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This article appearing in the Los Angeles Times covers the 2005 Commitment to Development Index.
From the article:
"Among other criticisms, they argued that such measurements do not include the amount Americans give to domestic charities. Nor do they give the United States credit for the billions it spends in military operations that it says provide the global security that allows other nations' economies to flourish.
Responding to such criticisms, the 2005 Commitment to Development Index uses a revised methodology, according to David Roodman, who heads the study at the Center for Global Development, a liberal Washington think tank. For example, this year's report gives the United States points for its military contributions to keeping the world's sea lanes open for global trade, Roodman said.
The United States, the European Union and Canada also are given points for eliminating tariffs on textile imports from developing nations under a World Trade Organization agreement. However, the United States, Britain and France all lose points as the world's largest arms merchants, though the United States was selling fewer weapons to undemocratic countries than it did in the past, Roodman said."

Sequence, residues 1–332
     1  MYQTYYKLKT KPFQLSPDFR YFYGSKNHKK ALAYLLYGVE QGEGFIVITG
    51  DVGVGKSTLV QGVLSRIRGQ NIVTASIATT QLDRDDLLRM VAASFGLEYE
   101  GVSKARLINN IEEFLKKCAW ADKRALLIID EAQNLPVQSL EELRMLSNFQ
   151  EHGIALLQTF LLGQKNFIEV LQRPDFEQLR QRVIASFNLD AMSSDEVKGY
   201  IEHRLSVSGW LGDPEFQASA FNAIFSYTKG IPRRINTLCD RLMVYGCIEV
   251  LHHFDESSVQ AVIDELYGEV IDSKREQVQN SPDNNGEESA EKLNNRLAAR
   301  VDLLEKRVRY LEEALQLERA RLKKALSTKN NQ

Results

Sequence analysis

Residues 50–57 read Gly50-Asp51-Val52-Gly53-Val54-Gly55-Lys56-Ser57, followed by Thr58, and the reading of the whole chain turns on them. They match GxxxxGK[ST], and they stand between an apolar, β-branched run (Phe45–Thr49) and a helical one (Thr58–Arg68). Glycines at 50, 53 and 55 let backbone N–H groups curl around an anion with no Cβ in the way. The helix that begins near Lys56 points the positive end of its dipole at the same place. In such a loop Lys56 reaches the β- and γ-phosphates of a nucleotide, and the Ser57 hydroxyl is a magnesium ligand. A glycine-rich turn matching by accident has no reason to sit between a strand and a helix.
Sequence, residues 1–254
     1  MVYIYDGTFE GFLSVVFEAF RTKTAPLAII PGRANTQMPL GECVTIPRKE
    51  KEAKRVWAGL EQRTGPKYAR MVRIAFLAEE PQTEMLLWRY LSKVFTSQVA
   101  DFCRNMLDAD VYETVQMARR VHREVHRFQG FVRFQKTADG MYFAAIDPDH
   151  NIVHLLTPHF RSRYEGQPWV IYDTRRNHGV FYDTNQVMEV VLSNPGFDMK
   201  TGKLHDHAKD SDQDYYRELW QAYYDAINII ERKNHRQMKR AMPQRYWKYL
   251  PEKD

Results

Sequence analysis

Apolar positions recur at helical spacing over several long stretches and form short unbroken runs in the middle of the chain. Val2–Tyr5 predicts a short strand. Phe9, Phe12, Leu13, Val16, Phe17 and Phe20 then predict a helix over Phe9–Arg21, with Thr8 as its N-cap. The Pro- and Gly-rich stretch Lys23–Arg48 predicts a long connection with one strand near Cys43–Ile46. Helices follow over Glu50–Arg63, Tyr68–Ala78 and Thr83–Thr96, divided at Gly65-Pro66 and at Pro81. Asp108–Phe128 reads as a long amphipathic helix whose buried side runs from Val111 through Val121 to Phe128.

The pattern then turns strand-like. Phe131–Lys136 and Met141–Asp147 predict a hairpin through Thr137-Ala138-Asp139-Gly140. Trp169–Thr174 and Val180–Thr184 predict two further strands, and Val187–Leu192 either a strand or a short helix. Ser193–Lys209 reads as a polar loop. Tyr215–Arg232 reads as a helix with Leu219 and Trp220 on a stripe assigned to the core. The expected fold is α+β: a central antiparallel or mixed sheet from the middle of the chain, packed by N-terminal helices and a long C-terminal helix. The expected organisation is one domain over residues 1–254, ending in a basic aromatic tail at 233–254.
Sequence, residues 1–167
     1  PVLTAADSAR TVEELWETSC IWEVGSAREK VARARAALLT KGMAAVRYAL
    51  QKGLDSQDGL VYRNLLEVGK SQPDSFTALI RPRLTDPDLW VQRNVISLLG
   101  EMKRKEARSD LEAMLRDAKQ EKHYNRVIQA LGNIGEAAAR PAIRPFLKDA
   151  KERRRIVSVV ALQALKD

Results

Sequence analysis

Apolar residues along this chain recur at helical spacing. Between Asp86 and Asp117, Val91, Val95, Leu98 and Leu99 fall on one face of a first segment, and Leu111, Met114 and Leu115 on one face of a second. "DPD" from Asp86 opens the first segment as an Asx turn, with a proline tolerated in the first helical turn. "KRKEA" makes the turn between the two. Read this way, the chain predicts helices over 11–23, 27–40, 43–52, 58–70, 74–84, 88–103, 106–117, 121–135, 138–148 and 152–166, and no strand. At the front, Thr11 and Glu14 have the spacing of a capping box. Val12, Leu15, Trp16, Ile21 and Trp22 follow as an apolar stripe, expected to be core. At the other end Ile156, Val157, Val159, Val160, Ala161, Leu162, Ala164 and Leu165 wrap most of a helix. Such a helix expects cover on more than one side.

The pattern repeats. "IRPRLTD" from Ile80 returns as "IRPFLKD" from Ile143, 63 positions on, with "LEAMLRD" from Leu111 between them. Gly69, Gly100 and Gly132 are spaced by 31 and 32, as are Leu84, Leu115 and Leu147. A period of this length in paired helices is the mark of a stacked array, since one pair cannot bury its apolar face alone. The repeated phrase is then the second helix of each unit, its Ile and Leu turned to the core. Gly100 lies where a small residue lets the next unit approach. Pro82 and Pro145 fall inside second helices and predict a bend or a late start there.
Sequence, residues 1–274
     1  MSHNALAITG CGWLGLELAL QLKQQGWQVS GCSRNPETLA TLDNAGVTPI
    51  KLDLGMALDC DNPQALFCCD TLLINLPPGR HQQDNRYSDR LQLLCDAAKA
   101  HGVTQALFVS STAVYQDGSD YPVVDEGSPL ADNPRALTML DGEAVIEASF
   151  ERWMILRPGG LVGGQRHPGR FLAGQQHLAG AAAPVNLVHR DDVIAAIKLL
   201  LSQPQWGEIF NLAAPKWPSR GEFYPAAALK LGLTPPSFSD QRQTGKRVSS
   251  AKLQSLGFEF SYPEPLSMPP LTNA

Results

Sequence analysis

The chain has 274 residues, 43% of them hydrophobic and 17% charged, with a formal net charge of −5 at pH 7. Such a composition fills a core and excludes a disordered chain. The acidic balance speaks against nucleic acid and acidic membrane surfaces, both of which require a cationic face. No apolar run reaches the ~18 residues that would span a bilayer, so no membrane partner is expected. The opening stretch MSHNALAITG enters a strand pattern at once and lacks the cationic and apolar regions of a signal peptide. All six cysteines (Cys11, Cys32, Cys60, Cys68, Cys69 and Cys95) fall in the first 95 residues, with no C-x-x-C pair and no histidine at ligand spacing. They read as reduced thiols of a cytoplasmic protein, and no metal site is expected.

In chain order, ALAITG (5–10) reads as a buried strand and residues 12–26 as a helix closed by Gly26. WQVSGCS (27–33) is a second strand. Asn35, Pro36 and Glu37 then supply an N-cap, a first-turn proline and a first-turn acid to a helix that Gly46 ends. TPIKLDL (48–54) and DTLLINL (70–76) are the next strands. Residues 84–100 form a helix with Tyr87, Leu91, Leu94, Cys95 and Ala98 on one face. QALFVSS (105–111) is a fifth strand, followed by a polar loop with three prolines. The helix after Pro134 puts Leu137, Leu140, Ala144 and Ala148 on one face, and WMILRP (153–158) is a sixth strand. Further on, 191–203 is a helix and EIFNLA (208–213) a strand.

This AP article picked up by the Manila Times features highlights from CGD's 2005 Commitment to Development Index.
The index, published by the Center for Global Development advocacy group, ranks the countries "based on their dedication to policies that benefit the five billion people living in poorer nations worldwide," the center's website says. It grades countries on the basis of government policies, rewarding those judged to improve prospects of poor countries and punishing those that do not.
CGD's work is cited in this All Africa.com article from Ghana, noting the good governance standard set by the Millennium Challenge Corporation (MCC).
CGD actively monitors the the MCC's Millennium Challege Account (MCA), through our intiative, the MCA Monitor.
This article from All Africa.com cites CGD reserch fellows Todd Moss and Micheal Clemens work on Zimbabwe. "Zimbabwe has experienced a precipitous collapse inits economy over the past five years. The purchasing power of an average Zimbabwean in 2005 has fallen back to the same level as in 1953."For people in extreme poverty, a collapse like this translates directly into sickness and death. We conservatively estimate that persistence in the economic shock will costthe lives of at least 3 900 Zimbabwean children per year - about half the infant death toll from HIV and AIDS"